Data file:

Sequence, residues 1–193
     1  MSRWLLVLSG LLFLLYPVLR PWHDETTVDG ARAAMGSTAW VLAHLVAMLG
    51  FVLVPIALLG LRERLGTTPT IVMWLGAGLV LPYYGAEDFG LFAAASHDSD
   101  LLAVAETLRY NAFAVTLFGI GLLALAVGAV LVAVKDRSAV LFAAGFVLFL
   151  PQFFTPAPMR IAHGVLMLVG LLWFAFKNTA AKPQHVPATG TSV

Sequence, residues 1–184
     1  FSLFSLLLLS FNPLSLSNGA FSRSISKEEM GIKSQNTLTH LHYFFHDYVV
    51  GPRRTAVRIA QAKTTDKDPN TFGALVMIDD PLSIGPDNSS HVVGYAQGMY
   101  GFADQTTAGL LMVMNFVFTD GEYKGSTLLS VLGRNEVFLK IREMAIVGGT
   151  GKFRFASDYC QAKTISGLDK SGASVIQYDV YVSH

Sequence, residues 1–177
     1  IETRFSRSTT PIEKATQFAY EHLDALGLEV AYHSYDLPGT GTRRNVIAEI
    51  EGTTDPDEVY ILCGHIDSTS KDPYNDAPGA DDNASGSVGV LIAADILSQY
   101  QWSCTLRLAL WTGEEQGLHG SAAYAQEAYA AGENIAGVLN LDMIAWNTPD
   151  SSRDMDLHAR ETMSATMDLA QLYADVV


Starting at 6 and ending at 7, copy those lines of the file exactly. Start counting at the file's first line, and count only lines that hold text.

Sequence, residues 1–184
     1  FSLFSLLLLS FNPLSLSNGA FSRSISKEEM GIKSQNTLTH LHYFFHDYVV